What is the PROSPER study?
- PROSPER stands for Patient-centered Research into Outcomes Stroke Patients prefer and Effectiveness Research
- Through PROSPER, we hope to better understand how commonly used medications, like cholesterol medications, blood-thinners, and anti-depressants, affect the functioning of survivors in the months and years following a stroke.
- Above all, PROSPER is a research partnership that includes
- Multiple perspectives and experiences = better understanding of what matters most to stroke survivors and their caregivers
Why is PROSPER Important?
What We know
- Stroke is a major public health problem
- There are 800,000 each year in the US: that’s 1 every 40 seconds!
- Stroke is the 4th leading cause of death
- Stroke is the leading cause of disability
What We Don’t Know
- Common therapies like statins and blood thinners help avoid another stroke, but how do they affect functional status, time at home, quality of life?
- Certain therapies may be effective for certain patients, but what about for less well-studied patient groups like women, minorities, and the elderly?
What data does PROSPER use?
Database (called Get with the Guidelines-Stroke) of millions of stroke hospitalizations submitted by over 2000 US hospitals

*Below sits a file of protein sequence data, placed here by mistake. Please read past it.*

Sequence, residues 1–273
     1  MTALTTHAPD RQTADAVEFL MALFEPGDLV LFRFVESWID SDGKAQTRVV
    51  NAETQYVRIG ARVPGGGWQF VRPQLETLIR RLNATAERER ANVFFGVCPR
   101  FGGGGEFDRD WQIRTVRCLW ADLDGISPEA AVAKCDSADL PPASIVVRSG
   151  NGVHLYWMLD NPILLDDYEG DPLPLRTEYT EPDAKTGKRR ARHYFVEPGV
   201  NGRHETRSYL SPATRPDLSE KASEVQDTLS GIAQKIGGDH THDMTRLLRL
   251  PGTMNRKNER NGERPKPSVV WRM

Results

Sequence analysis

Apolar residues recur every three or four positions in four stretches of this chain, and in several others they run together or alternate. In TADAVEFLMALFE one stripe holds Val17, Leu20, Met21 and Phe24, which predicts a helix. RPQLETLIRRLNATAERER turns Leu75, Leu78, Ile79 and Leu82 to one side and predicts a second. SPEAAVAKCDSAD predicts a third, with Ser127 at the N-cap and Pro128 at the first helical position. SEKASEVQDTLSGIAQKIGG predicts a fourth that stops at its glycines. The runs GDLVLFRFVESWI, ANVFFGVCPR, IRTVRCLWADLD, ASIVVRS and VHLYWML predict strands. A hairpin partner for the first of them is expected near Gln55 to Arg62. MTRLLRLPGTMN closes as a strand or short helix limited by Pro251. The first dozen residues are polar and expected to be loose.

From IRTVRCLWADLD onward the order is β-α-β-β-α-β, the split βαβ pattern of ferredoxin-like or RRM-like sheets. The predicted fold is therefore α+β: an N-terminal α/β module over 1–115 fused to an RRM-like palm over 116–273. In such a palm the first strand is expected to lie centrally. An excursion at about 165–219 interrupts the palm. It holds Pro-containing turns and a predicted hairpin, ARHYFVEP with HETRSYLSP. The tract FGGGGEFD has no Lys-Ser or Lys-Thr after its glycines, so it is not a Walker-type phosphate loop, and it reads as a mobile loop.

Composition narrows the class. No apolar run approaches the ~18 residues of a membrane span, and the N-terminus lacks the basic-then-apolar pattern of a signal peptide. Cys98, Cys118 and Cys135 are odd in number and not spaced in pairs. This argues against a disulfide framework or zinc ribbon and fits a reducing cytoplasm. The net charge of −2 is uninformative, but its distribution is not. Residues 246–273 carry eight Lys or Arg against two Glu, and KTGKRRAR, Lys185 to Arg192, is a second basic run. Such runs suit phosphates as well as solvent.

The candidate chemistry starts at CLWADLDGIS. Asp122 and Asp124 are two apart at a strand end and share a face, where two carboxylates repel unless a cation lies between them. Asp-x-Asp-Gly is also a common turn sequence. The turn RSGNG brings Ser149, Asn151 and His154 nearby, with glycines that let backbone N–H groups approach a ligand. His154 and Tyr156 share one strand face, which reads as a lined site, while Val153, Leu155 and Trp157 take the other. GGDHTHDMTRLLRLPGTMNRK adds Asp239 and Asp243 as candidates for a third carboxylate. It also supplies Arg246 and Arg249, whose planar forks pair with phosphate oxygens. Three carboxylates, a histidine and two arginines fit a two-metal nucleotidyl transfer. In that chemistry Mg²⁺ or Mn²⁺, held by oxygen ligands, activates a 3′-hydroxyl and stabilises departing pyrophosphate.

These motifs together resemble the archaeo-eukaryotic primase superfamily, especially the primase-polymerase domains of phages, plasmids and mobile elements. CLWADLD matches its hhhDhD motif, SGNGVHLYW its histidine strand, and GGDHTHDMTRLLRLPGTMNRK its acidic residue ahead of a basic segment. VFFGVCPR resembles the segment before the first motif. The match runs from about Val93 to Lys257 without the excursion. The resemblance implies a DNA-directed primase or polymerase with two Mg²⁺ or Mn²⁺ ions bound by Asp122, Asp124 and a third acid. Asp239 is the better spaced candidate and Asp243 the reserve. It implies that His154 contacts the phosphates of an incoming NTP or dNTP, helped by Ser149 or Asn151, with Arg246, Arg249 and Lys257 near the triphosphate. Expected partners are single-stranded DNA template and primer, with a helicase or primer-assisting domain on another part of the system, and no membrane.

Medicare claims data
Telephone interviews with 2000 stroke survivor volunteers
What information does it provide?
The therapies a stroke patient receives while in the hospital.
How much time do stroke survivors spend at home after hospital discharge versus being
How stroke survivors feel emotionally, what kinds of activities are they able to do, and do they keep taking the medications that they were prescribed while in the hospital.
How will PROSPER help patients?
We plan to use what we learn from PROSPER to help patients:
- Patient tools and education about:
- Stroke warning signs/symptoms
- How to reduce risk of having another stroke
- What therapies are associated with more time at home and better quality of life
- Share information with doctors about
- What treatments that are preferred by patients
- Promoting shared decision-making with their patients
- the most effective therapies for specific groups of patients, such as women, minorities, and the elderly
-How do I find the results of the PROSPER study?
Please click here: link to statin results
-Where can I find more information about stroke?
Please click here: link to AHA website